Heart attack warning: How to save a life – what to do if you haven’t been CPR trained

HEART attacks require immediate treatment, but what should you do if you haven’t been trained for CPR? If you see someone with symptoms of a cardiac arrest, this is what you should do after calling for an ambulance. It could save a life.

  • Heart attacks can lead to a cardiac arrest – where the heart stops pumping blood around the body
  • Cardiac arrest may require CPR
  • Hands-only CPR includes compressions to the beat of Stayin’ Alive
  • Always phone an ambulance before beginning CPR

Heart attacks are a medical emergency that require immediate treatment, according to the NHS.

The condition, which is known as a myocardial infarction, is caused by a sudden blockage in the heart’s blood supply.

A heart attack could lead to a cardiac arrest in some cases. This is where the heart beats abnormally fast, and then stops beating altogether.


If you see someone collapse in front of you, the first thing you should do is check them over, and see if they’re responsive.

If they’re not breathing, or are unresponsive, then their heart has stopped working and they are having a cardiac arrest, said the British Heart Foundation.

Now, you should call 999 and ask for an ambulance, the charity said.

Once the paramedics are on their way, you should perform Hands-only CPR (cardiopulmonary resuscitation).

“Lock your fingers together, knuckles up,” said the British Heart Foundation.

“Then push down, right on the sovereign [middle of the chest]. Push down five or six centimetres.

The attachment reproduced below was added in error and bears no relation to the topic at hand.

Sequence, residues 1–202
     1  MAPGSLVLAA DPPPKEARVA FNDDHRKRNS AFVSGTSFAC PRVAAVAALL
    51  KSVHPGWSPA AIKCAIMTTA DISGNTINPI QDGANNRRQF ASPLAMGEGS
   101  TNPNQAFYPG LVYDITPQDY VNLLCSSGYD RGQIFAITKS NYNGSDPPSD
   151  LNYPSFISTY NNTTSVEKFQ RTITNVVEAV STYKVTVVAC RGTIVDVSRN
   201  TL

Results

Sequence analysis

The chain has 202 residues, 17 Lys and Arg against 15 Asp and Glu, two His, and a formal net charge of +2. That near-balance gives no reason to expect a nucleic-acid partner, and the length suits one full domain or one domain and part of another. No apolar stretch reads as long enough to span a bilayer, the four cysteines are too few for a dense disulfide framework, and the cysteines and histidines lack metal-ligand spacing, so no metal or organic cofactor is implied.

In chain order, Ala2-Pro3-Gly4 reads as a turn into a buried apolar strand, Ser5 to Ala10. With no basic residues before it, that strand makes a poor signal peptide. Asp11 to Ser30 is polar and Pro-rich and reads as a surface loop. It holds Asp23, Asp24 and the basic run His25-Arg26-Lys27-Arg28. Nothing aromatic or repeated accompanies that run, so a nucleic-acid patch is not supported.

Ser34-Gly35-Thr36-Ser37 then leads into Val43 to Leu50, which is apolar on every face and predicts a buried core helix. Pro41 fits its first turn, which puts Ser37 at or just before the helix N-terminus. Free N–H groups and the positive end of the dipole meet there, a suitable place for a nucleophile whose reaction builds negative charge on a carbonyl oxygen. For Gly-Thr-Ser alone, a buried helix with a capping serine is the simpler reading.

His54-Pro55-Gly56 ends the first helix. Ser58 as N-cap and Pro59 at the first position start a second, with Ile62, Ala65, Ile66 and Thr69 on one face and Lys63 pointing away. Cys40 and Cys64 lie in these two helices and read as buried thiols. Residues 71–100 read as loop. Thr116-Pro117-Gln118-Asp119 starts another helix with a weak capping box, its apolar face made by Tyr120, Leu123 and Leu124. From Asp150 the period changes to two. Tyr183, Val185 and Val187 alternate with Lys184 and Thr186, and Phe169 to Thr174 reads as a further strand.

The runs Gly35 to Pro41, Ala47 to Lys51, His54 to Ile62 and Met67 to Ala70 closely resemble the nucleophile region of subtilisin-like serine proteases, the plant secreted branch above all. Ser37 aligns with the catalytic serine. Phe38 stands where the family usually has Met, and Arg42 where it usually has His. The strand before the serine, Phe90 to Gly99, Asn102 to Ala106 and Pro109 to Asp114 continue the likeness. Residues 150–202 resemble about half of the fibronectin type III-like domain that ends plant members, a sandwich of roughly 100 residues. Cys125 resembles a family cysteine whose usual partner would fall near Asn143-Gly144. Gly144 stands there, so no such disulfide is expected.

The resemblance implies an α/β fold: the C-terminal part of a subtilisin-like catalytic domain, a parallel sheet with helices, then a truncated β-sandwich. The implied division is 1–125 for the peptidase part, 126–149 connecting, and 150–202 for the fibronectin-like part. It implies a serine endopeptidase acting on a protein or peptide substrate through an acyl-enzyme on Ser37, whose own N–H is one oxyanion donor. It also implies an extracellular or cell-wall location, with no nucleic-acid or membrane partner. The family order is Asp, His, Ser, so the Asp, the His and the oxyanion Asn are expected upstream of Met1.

“That’s about two inches. Push hard and fast about two times a second, like to the beat of Stayin’ Alive.

“Don’t worry about hurting someone. A cracked rib can be mended – just concentrate on saving a life.”

If you’re CPR-trained, you should give rescue breaths, too.

After every 30 chest compressions, give two rescue breaths to the patient.

You should keep up your Hands-only CPR until the ambulance arrives, or if the patient shows signs of regaining consciousness.

If you’re feeling tired, and there’s somebody around to help, ask them to take over while you recover.

Every year, there are around 200,000 hospital visits due to heart attacks in the UK.

Almost a million people have survived a heart attack in the UK.

Heart attack symptoms can include severe chest pain, shortness of breath and coughing.

If you suspect you, or someone else, is having a heart attack, you should dial 999 straight away and ask for an ambulance.

Don’t worry if you’re not sure whether you’re having a heart attack – paramedics would rather be called out to a mistake than be too late, said the NHS.

This article first appeared on https://www.express.co.uk/